MyForm:
  render:
    <PersonalData/>
    <AppPreferences/>
    <ThirdParty/>
     ...

This is also much easier to maintain than a giant single form component. Split up groups into Components with state maintenance, where each component is only responsible for tracking a few input fields at a time.

You may also feel like it's "a hassle" to write out all that code, but that's a false saving: developers-who-are-not-you, including future you, actually benefit greatly from seeing all those inputs hooked up explicitly, because it makes code paths much easier to trace. However, you can always optimize. For instance, you can write a state linker

MyComponent = React.createClass({
  getInitialState() {
    return {
      firstName: this.props.firstName || "",
      lastName: this.props.lastName || "" 
      ...: ...
      ...
    }
  },
  componentWillMount() {
    Object.keys(this.state).forEach(n => {
      let fn = n + 'Changed';
      this[fn] = evt => {
        let update = {};
        update[n] = evt.target.value;
        this.setState(update);
      });
    });
  },
  render: function() {
    return Object.keys(this.state).map(n => {
      <input
        key={n} 
        type="text"
        value={this.state[n]}
        onChange={this[n + 'Changed']}/>
    });
  }
});

Of course, there are improved versions of this, so hit up https://npmjs.com and search for a React state linking solution that you like best. Open Source is mostly about finding what others have already done, and using that instead of writing everything yourself from scratch.

React 16 (and 15.5 transitional) and 'modern' JS

As of React 16 (and soft-starting with 15.5) the createClass call is no longer supported, and class syntax needs to be used. This changes two things: the obvious class syntax, but also the thiscontext binding that createClass can do "for free", so to ensure things still work make sure you're using "fat arrow" notation for this context preserving anonymous functions in onWhatever handlers, such as the onChange we use in the code here:

class MyComponent extends React.Component {
  constructor(props) {
    super(props);
    this.state = {
      inputValue: ''
    };
  }

  render() {
    return (
      //...
      <input value={this.state.inputValue} onChange={evt => this.updateInputValue(evt)}/>
      //...
    );
  },

  updateInputValue(evt) {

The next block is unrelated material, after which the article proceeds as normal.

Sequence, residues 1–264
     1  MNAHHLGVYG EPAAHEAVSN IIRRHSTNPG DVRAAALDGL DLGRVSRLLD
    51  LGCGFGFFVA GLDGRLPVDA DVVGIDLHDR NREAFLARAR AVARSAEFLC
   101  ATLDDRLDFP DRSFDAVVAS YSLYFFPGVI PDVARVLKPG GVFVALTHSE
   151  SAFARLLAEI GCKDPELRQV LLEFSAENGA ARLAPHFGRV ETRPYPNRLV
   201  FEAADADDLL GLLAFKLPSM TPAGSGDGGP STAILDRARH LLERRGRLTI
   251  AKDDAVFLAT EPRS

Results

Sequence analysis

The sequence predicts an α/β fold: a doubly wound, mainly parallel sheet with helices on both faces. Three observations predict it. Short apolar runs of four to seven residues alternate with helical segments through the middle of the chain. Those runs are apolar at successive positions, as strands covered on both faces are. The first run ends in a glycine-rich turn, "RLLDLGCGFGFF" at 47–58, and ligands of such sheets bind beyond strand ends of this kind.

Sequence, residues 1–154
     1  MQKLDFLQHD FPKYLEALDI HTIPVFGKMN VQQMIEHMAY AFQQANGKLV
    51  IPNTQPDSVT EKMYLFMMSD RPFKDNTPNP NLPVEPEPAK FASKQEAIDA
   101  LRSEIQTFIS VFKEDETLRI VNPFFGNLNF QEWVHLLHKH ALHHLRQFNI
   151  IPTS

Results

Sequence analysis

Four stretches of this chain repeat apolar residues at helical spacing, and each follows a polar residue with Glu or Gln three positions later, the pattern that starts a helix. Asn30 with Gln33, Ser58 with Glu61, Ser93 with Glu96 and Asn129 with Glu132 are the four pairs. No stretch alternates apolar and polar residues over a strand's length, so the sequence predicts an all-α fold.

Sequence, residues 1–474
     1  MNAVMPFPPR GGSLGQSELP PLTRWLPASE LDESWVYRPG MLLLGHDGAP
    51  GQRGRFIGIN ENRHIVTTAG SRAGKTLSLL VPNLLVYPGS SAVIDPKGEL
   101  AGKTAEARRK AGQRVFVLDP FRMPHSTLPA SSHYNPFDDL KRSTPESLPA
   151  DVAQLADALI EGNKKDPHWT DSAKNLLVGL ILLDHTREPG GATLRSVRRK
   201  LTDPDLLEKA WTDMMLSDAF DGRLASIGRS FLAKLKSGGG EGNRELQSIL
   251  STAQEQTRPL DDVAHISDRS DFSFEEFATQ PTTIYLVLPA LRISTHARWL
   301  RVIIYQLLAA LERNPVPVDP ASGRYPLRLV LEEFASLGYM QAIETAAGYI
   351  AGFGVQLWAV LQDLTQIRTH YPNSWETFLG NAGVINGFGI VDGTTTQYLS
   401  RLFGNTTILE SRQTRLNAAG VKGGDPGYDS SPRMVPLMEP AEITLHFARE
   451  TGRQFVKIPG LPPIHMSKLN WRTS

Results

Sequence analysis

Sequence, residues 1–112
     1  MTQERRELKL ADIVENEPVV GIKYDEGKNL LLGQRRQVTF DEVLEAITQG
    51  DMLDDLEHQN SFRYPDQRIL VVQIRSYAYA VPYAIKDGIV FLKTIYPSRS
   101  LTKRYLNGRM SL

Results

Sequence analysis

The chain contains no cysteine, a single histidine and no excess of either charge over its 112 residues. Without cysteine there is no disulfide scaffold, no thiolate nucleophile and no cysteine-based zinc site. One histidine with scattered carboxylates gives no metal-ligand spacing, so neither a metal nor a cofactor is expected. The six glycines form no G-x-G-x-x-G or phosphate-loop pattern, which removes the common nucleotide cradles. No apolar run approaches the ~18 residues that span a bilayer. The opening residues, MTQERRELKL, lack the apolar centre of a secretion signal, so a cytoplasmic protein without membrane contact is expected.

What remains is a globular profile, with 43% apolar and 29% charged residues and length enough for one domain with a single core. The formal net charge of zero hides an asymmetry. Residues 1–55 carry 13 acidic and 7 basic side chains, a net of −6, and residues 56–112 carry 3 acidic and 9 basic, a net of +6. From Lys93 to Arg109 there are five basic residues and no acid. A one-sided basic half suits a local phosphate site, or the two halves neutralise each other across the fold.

this.setState({
      inputValue: evt.target.value
    });
  }
});

You may also have seen people use bind in their constructor for all their event handling functions, like this:

constructor(props) {
  super(props);
  this.handler = this.handler.bind(this);
  ...
}

render() {
  return (
    ...
    <element onclick={this.handler}/>
    ...
  );
}

Don't do that.

Almost any time you're using bind, the proverbial "you're doing it wrong" applies. Your class already defines the prototype, and so as programming model already defines the instance context. Don't put bind of top of that an use normal event forwarding instead of duplicating all your function calls in the constructor. Now you've increased your bug surface, and made it much harder to trace errors because the problem might be in your constructor instead of where you call your code. In addition of placing a burden of maintenance on others you (have or choose) to work with.

Yes, I know the react docs say it's fine. It's not, don't do it.

React 16.8, using function components with hooks

As of React 16.8 the function component (i.e. literally just a function that takes some props as argument can be used as if it's an instance of a component class, without ever writing a class) can also be given state, through the use of hooks.

If you don't need full class code, and a single instance function will do, then you can now use the useState hook to get yourself a single state variable, and its update function, which works roughly the same as the above examples, except without the setState function call:

import { useState } from 'react';

function myFunctionalComponentFunction() {
  const [input, setInput] = useState(''); // '' is the initial state value
  return (
    <div>
    <label>Please specify:</label>
    <input value={input} onInput={e => setInput(e.target.value)}/>
    </div>
  );
}

Previously the unofficial distinction between classes and function components was "function components don't have state", so we can't hide behind that one anymore: the difference between function components and classes components can be found spread over several pages in the very well-written react documentation (no shortcut one liner explanation to conveniently misinterpret for you!) which you should read so that you know what you're doing and can thus know whether you picked the best (whatever that means for you) solution to program yourself out of a problem you're having.

  • 4
    I've read a few online articles which say that using too much state is a bad idea. In one particular form of my application I have about 100 form fields. Defining a function to save the state feels like an unnecessarily arduous way of doing things. If I can use onClick={this.onSubmit.bind(this)}, this seems like a good way to get the value (then if I want, set the components state) - I would appreciate some comments on this. – JoeTidee Apr 18 '16 at 1:10
  • 5
    so write smarter code. form inputs are most definitely state (consider what happens if a user closes their tab midway, and the tab is restored. Should all those values they filled in be restored? yes? that's state), so write a bit of state maintenance code. Facebook has hundreds of form values, too, and their solution to the madness was React. It works really well. One way to make your code a little easier, while still using state, is to use two way state linking, again, explained on the React site. Worth reading! =) – Mike 'Pomax' Kamermans Apr 18 '16 at 1:13